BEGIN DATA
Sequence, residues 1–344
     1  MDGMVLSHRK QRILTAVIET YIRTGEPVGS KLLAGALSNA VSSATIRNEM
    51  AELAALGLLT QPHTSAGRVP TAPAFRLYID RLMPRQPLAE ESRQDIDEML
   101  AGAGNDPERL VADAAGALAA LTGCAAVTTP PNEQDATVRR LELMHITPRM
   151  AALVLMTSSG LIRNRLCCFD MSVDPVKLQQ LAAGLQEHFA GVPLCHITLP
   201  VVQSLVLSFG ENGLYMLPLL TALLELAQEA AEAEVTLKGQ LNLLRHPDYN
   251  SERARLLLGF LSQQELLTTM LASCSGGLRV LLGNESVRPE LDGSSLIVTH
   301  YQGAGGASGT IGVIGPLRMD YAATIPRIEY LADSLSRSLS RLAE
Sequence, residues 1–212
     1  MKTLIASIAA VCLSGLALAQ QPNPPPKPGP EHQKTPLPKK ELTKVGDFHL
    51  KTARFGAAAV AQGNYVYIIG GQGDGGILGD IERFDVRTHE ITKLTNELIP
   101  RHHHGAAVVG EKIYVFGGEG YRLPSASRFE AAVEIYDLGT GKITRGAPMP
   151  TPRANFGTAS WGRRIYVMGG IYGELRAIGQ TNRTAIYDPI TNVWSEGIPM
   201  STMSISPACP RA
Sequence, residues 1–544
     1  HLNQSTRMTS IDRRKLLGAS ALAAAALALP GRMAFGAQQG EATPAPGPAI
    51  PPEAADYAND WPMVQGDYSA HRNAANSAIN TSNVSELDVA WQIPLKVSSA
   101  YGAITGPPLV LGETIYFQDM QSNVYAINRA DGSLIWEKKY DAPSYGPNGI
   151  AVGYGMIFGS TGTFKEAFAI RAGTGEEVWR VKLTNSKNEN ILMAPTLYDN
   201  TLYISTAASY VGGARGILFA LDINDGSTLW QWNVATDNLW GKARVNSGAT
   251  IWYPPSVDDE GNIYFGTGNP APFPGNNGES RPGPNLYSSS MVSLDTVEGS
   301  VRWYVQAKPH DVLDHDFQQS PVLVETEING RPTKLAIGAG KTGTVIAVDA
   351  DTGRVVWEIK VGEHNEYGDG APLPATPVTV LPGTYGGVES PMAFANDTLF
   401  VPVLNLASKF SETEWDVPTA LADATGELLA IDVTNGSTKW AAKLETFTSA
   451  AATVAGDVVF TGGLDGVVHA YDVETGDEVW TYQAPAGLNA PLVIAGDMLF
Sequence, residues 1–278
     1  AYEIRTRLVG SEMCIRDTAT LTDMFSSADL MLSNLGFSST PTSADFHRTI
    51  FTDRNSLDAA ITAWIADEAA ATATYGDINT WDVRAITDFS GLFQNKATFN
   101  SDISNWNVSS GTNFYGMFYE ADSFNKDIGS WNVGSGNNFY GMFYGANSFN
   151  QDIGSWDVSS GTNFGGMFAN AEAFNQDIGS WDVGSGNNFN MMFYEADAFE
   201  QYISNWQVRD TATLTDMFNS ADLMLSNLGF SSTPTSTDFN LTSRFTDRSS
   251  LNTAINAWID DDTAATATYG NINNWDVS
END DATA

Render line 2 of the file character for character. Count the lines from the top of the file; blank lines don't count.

     1  MDGMVLSHRK QRILTAVIET YIRTGEPVGS KLLAGALSNA VSSATIRNEM